April 2, 1999 | Backgrounder on Federal Budget
Governments have long used the power to tax and spend to favor certain constituencies with special benefits over and above what a system based on a formula or need would provide. In a democracy, elected officials generally have well-defined, geographic-specific electoral bases, so such benefits tend to be location-specific and highly visible, usually taking the form of infrastructure spending on such projects as courthouses, highways, airports, and government office buildings. Traditionally referred to as "pork," this spending often manifests itself as a specific line item, or "earmark." Earmarks appear most commonly, but not exclusively, in appropriations bills passed by Congress and signed into law by the President.
Webster's dictionary traces the American origins of the expression "pork barrel spending" back to around 1905 or 1910 and defines it as "a government appropriation...that provides funds for local improvements designed to ingratiate legislators with their constituents." In a 1936 Baltimore Evening Sun editorial, H. L. Mencken had this practice in mind when he charged that American government is "a broker in pillage, and every election is a sort of advance auction sale of stolen goods."2
A recent example of earmarking occurred when Congress enacted the Transportation Equity Act for the 21st Century (H.R. 2400, or "TEA 21") in 1998. Many observers saw it as an inside-the-Beltway porkfest, and the bill's 1,850 earmarked projects soon became objects of media ridicule. Congress got much of the blame for this spending, but President Bill Clinton also was an active participant. TEA 21, in fact, reserves any unspent portion of the earmarked $9 billion for projects of interest to the President.
To help deflect public cynicism about TEA 21's 1,850 earmarks, Congress tried renaming them. The highway earmarks--formerly "demonstration projects"--became "high priority" projects; but this attempt fooled neither the public nor the media. Many of the questionable earmarks became front-page news and talk-radio fodder. But however embarrassing the bill's contents, the ridicule did nothing to deter Congress from adding even more questionable pork-barrel items to the 13 appropriations bills it enacted later in 1998. Appendix A includes a sampling of some of the earmarks from recent legislation.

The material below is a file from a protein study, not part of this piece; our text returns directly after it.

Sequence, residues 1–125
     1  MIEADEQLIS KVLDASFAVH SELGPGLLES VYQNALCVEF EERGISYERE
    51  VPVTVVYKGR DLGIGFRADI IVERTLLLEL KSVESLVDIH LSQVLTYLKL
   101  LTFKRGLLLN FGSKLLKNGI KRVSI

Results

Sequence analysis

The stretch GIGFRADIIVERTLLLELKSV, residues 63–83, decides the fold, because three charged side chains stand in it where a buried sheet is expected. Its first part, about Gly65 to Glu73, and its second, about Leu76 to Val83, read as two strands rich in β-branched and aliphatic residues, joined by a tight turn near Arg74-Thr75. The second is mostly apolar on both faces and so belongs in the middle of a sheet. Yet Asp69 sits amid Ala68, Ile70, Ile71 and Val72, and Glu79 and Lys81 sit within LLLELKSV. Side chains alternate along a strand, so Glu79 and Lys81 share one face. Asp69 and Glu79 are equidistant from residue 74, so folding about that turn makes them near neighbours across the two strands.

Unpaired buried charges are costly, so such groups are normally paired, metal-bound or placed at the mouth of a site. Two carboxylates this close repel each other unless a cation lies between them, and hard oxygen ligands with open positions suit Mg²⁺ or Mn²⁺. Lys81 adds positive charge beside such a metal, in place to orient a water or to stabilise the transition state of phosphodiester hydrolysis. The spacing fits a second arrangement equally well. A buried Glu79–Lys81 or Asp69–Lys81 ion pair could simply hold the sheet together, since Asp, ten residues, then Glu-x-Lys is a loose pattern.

Indeed, the wastefulness and the number of earmarks that characterized TEA 21 seemed but modest indiscretions by the standards of fiscal excess with which Congress crafted the fiscal year (FY) 1999 Omnibus Appropriations bill, which was enacted into law during the waning days of the 105th Congress. For example, although the 1,850 transportation earmarks in TEA 21, spread over the six-year life of the legislation, amount to 300 per year, this is less than half the annual number produced by the Transportation Appropriations Subcommittee.
Although much of the public criticism of pork-barrel spending focuses on the outrageous and humorous waste such earmarks often entail, the more troublesome, yet often overlooked, implication of this escalating trend is the extent to which they reflect Washington's growing propensity to micromanage state and local affairs. All of the earmarks in TEA 21, as well as the several thousand pork projects buried in the 13 appropriations bills in FY 1999, represent a federal rebuke of the priorities set by governors and local leaders who are far more familiar with the needs of their states and more closely tied to the wishes of their communities. Were it not for such earmarks, few communities would choose voluntarily to spend scarce transportation funds on these marginal projects. In fact, half the highway earmarks go unfunded for want of local matching money--which demonstrates how marginal many of these projects really are.
Some states have challenged this Capitol Hill trend by attempting to assert their traditional right to distribute earmarked funds in accordance with local priorities. For example, Florida's Department of Transportation challenged the priority status of TEA 21 earmarks, but the U.S. Department of Transportation overruled the state's efforts.
Micromanaging a complex economy, even when the effort is taken more seriously than it is here in the United States, has never worked, no matter where it has been attempted. Various economic ministries of the former Soviet Union tried to do it for decades, and the principal result of their centralized plans to mandate how much of what should be produced, and where, was the near permanent impoverishment of a large portion of the globe. Fortunately, legislators in the United States have chosen generally to avoid such large-scale efforts in futility; and the federalist system, with its many levels of government and devolved responsibilities, is one factor that continues to protect the American people from the misuse of centralized power.
It is time for Congress to deal decisively with the growing intrusion of the federal government into the operations of state and local government. Congress and the President should recommit themselves to what works and use the FY 2000 budget and appropriations process to reverse the escalating trend of federal micromanagement that preempts local decisionmaking. Options available to Congress to control the earmark process include (1) enhanced rescission authority or a line-item veto acceptable to the courts; (2) more intense moral suasion from the congressional leadership to discourage Members from engaging in the practice; and (3) legislative language in spending and other bills to require that the money for such earmarks must come from a state's normal allocation formula.